You are not part of this family anymore! –Trudy Campbell
Mad Men episode 7.06, The Strategy, is about the dissolution and recreation of family. In my original recap, I talked a lot about family, about sexism, the “new woman,” and so on. What struck me on rewatch, though, was the extraordinary way that the episode allowed this narrative theme to come full circle. Everything breaks, and then everything reforms.
Consider: We watch so many relationships break down, or simply be broken. Pete and Trudy, mid-divorce, with her nasty rejection of him. I hate the above quote. It’s a sadistic and awful thing to say, and patently false. Pete is Tammy’s father no matter what, and for her to withdraw that is vile. Pete deserves to lose Trudy, but he has done nothing wrong to Tammy, and Trudy is being selfish in a way that harms both Pete (which she intends) and Tammy.
Part of what breaks Pete and Bonnie up is the pressure of his marriage. He lies to Bonnie about Saturday night, staying to confront Trudy rather than have a fun evening with his girlfriend. Pete is roiled up in the notion of his failed family, and can’t create a new bond when both are on the same coast.
The episode opens with a snapshot of people’s family status: Pete and Bonnie on a flight, discussing their relationships, Don preparing for Megan’s arrival, Joan leaving her mother and son to go to work. Next, we get an ad presentation that is entirely about traditional family: “Dad” giving “Mom” his “permission” to eat Burger Chef. From there, it’s all breakdown.
Pete and Bonnie. Then the undermining of Peggy’s authority because she’s a woman. Then Peggy snaps at Stan. Then the gay executive gets beaten and arrested. Then Pete and Trudy. Then we see how close to breaking apart Megan and Don are–she’s packing her things in a much more long-term way than she’d indicated to Don. Then Pete and Bonnie fight–apparently with finality, and then Peggy confronts Don with bitterness and bile, then Bob Benson proposes to, and is rejected by, Joan, in an absolute parody of family. Then back to Peggy and Don, with Peggy so, so lost that she’s 30 and has no family, and doesn’t know what she’s done wrong.
All that breakdown, all that disconnect. It seems like the theme of the episode, the brokenness of family, the brokenness especially of ideas about what a women is supposed to be. And certainly there have been episodes of Mad Men that have left us with that, that have ended on sorrowful or bitter or questioning notes.
Here, then, is where we enter genius territory. Because now, we have a chance to reshape, to recover, to re-form.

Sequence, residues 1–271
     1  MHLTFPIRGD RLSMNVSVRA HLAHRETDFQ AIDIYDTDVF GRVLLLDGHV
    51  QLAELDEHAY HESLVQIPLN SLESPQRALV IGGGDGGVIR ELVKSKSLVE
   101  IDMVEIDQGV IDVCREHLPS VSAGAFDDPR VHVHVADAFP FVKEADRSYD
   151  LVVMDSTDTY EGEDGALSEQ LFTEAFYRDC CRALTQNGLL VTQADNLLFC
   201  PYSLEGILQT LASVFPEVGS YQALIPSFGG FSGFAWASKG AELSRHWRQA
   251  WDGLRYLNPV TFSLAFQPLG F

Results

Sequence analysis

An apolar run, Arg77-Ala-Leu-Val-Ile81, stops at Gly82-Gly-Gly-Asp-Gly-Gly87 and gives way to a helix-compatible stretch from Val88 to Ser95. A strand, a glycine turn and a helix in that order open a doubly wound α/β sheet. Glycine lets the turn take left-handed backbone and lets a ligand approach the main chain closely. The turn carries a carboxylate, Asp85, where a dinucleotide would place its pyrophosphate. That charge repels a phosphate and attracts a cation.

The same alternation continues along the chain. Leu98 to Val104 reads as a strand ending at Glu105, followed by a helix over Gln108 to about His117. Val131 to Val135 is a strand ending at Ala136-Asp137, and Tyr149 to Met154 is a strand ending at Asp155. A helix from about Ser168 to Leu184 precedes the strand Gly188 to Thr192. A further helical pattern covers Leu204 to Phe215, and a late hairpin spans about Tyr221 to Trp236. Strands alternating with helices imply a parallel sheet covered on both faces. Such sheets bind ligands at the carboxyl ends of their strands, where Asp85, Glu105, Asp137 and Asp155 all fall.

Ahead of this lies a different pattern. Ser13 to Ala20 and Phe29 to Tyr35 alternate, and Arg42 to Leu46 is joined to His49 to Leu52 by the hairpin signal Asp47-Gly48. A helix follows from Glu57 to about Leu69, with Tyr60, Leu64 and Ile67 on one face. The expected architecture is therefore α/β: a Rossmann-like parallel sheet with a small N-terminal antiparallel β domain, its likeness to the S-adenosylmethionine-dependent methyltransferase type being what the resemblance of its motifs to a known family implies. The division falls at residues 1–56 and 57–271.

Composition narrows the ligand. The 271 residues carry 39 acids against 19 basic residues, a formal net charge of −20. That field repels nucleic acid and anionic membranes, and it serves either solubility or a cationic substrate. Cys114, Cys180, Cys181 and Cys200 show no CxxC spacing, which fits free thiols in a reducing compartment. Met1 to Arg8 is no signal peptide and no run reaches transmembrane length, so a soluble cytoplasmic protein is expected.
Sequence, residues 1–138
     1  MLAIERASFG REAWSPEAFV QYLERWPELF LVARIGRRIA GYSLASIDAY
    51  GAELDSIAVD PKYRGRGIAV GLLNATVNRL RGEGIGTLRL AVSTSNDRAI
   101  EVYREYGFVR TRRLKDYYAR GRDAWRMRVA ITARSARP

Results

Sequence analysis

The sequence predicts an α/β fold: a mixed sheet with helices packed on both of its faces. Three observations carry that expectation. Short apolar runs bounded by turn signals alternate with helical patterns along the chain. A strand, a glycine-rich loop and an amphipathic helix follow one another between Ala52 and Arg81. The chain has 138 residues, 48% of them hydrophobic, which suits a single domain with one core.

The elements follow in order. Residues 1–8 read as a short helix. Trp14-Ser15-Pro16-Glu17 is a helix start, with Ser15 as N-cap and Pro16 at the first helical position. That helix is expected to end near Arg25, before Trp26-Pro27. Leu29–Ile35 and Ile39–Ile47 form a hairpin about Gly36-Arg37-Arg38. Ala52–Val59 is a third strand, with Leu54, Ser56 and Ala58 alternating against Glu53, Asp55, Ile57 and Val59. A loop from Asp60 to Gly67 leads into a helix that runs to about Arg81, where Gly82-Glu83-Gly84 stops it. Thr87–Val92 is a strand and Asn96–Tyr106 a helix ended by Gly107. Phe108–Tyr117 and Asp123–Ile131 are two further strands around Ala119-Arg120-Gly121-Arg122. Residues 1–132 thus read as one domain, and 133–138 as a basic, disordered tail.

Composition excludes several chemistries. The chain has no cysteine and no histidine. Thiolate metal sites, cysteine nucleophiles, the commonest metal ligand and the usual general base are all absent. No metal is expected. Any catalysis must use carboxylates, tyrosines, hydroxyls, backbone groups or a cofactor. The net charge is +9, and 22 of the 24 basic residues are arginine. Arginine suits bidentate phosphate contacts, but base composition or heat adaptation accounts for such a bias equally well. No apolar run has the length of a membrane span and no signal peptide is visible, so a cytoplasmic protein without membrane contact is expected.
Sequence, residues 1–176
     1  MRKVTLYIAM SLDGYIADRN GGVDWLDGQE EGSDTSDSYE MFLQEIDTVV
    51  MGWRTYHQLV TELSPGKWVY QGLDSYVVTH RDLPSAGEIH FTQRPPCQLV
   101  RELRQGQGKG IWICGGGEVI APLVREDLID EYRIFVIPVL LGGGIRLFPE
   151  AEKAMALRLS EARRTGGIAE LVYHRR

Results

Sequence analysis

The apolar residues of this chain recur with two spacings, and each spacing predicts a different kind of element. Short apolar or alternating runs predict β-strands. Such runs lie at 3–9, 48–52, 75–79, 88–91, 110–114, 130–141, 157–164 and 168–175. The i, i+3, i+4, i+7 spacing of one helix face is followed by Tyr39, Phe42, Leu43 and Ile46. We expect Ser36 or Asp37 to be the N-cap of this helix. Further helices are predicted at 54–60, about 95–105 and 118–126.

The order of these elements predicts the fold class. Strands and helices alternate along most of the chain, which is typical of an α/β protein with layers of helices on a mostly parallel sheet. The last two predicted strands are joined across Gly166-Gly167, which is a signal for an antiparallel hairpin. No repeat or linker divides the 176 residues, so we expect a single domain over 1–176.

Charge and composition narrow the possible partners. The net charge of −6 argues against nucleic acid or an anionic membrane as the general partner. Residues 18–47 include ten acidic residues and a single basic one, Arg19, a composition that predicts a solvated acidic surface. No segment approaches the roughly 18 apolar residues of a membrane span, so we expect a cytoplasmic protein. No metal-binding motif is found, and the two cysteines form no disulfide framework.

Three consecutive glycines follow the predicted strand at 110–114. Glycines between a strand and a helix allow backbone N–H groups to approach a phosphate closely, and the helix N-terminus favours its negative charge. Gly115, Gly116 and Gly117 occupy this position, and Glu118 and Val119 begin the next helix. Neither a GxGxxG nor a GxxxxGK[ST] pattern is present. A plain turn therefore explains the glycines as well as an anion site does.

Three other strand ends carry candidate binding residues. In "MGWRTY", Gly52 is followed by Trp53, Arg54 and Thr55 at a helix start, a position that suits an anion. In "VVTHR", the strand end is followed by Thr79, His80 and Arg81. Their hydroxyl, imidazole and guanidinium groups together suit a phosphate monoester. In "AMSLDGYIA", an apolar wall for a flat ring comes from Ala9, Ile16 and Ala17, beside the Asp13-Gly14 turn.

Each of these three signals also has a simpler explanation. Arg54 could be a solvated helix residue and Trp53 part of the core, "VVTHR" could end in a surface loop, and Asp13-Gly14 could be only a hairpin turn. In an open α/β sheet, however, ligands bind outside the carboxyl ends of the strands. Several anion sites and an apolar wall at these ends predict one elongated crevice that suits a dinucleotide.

It’s all about the dance, of course.
We’ve had a season of hostility and unspoken words between Don and Peggy, at this point. She blames him for the end of her relationship with Ted. She blames him for blowing up everything, and she doesn’t trust him. But she also misses her mentor. Then she was put in the position of having to supervise him. At first he was a shit about it, but then Freddy kind of slapped him around, and he treated her with respect, and did his work. But Peggy wasn’t going to reach out to him until she needed him, and she wasn’t going to make peace with him until she aired her anger, and her grief.
Peggy works through her feelings by working. As she processes the pain of not being one of the women she saw in all those station wagons, the ad comes to her: What if there was a place where you could go, and there was no TV, and you could break bread, and whoever you were sitting with was family? A place that would include Peggy. A place that would include Don.
I think it’s absolutely significant that Don doesn’t ask Peggy to dance until after they hit on the strategy. Their feeling for each other, that they are each other’s family, is in the work.
Later, Pete is included in their circle of not-family family, when they present the idea at a Burger Chef. Here, just as in Peggy’s fantasy, is a place she can be warm with Don and Pete, and forget they’re not conventionally related. Here Pete can forget he has neither wife nor girlfriend. Here, Don can forget that Megan wanted to take her fondue pot to LA with her.
Not everyone gets their moment in this resolution; not everyone is handed back a new relationship. But our principals have found a tender peace together, and that tenderness sprinkles some hope over the remainder of the cast; over Joan and Bob, Megan and Bonnie.
Every table here is the family table.